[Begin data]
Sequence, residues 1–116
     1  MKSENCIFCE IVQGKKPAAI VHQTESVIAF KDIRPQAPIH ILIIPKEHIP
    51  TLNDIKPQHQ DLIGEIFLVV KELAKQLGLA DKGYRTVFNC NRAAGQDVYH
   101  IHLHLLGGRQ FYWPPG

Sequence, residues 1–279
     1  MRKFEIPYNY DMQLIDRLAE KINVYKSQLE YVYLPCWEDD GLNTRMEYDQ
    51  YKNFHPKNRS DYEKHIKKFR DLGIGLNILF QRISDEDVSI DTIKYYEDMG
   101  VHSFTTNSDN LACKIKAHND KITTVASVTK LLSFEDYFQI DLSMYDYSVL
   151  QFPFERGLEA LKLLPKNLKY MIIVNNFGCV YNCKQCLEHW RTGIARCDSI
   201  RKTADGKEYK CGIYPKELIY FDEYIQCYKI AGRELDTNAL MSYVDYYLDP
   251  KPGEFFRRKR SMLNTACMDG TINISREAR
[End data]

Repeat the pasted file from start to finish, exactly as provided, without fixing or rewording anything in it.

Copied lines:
Sequence, residues 1–116
     1  MKSENCIFCE IVQGKKPAAI VHQTESVIAF KDIRPQAPIH ILIIPKEHIP
    51  TLNDIKPQHQ DLIGEIFLVV KELAKQLGLA DKGYRTVFNC NRAAGQDVYH
   101  IHLHLLGGRQ FYWPPG

Sequence, residues 1–279
     1  MRKFEIPYNY DMQLIDRLAE KINVYKSQLE YVYLPCWEDD GLNTRMEYDQ
    51  YKNFHPKNRS DYEKHIKKFR DLGIGLNILF QRISDEDVSI DTIKYYEDMG
   101  VHSFTTNSDN LACKIKAHND KITTVASVTK LLSFEDYFQI DLSMYDYSVL
   151  QFPFERGLEA LKLLPKNLKY MIIVNNFGCV YNCKQCLEHW RTGIARCDSI
   201  RKTADGKEYK CGIYPKELIY FDEYIQCYKI AGRELDTNAL MSYVDYYLDP
   251  KPGEFFRRKR SMLNTACMDG TINISREAR